TARPON SPRINGS — Do you want pet chickens? If you live in Tarpon Springs, you may be in luck.
Commissioners voted last week to move forward with a proposal to allow hens in the city, despite squawking from some residents and homeowners associations who said the change would bring nothing but trouble.
Most who showed up at City Hall on Tuesday were in favor of acquiring the feathery pets, and made impassioned appeals to commissioners to let them do so.
"I grew up with goats and lambs and everything else," said resident Joe Reis. "I want to be able to have chickens so I can get colored eggs. Blue, brown, red, white. My kids love that stuff."
Commissioners voted 3-2 to move the proposal forward, with a few small changes.
For example, the city proposed a $100 permit to cover administrative and code enforcement costs. Some thought that was too high, and City Manager Mark LeCouris said he'd research what's reasonable.
Chicken ownership would be limited to residents in single, detached homes, and coops must be screened from neighbors' view. Residents could have no more than four hens; roosters would be prohibited.
Dunedin and Gulfport, which have also recently legalized urban chickens, report mostly good experiences, according to a report by the city staff.
Still, some residents said chickens would cause a nuisance and become a nightmare for code enforcement.
"There are some people who think we shouldn't even be doing this," said Mayor David Archie, referring to the acrimony during a previous meeting in which chickens were discussed.
Archie and Commissioner Susan Slattery voted against the chickens, while Commissioners David Banther, Townsend Tarapani and Jeff Larsen voted in favor. The issue is scheduled to be heard again at the next commission meeting on July 16.
'No' on more homes
In other news, a developer was denied permission to squeeze nine more homes into a large unfinished subdivision on Bayshore Drive after nearly three hours of emotional testimony from neighbors.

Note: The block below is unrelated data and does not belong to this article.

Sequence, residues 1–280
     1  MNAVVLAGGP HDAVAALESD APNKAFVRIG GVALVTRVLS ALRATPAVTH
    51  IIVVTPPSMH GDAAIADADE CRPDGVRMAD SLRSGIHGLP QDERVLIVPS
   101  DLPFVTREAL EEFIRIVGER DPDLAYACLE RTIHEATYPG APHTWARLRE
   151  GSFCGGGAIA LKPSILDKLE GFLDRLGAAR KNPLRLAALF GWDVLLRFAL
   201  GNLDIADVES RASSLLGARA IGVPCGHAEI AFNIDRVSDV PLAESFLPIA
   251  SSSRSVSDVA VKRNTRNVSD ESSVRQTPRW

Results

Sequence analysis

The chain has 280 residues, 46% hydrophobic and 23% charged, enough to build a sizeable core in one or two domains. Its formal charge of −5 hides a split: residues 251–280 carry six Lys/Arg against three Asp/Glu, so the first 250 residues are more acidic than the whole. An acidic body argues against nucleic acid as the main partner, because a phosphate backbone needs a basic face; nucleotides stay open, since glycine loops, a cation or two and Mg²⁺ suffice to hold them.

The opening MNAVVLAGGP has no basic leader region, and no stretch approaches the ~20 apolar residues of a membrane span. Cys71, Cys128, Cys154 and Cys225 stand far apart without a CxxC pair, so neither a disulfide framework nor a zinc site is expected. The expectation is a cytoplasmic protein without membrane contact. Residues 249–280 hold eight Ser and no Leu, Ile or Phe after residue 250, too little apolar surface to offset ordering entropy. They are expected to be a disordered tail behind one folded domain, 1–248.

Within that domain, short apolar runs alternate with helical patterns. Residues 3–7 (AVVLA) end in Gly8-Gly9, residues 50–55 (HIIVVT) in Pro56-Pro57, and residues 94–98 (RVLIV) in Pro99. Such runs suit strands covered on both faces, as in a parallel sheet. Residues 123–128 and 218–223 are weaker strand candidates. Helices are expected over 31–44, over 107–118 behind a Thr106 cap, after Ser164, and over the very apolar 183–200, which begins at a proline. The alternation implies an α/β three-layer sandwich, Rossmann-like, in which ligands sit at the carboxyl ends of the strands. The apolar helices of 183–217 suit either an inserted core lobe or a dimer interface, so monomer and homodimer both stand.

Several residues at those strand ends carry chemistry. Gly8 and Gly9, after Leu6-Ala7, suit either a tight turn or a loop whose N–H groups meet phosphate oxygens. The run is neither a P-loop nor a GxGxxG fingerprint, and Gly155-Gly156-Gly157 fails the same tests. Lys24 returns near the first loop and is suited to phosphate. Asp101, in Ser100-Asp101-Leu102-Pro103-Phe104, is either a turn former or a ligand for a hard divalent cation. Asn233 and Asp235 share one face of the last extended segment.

Residents warned that the change would increase traffic and flooding and disturb a possibly active eagle's nest on the property. Two residents broke into tears as they testified.
Under the proposed zoning change, developer D.R. Horton could have built 51 homes on 12.3 acres in the Bayshore Heights subdivision. The area is zoned for 42 homes.
The commission denied the change 3-2, despite environmental and other impact studies suggesting that the residents' fears were mostly unfounded.
"I've seen the wildlife, I've seen the eagles, I've seen the turtles," said neighbor Sharon Birkett, pushing back on the environmental study. "There's no purpose other than greed and money to rezone."
Tarapani, Banther and Larsen voted against allowing more homes. Slattery and Archie voted in favor.
Ed Armstrong, attorney for the developer, responded that much of the testimony from residents was based on emotion, not fact, and that commissioners are required by law to consider only hard evidence, such as expert studies.
Always in the air during development decisions is whether the city would be on firm legal ground if a developer sued over a blocked project.
Armstrong said his client is still weighing the next move. The firm could appeal the decision or just walk away and build elsewhere.
"It's not a good situation for the city to have a half-built subdivision," Armstrong said. "I don't think that's in anyone's best interest."
Brittany Alana Davis can be reached at email@example.com or (850) 323-0353. To write a letter to the editor, go to tampabay.com/letters or mail to 1130 Cleveland St., Suite 100, Clearwater, FL 33755.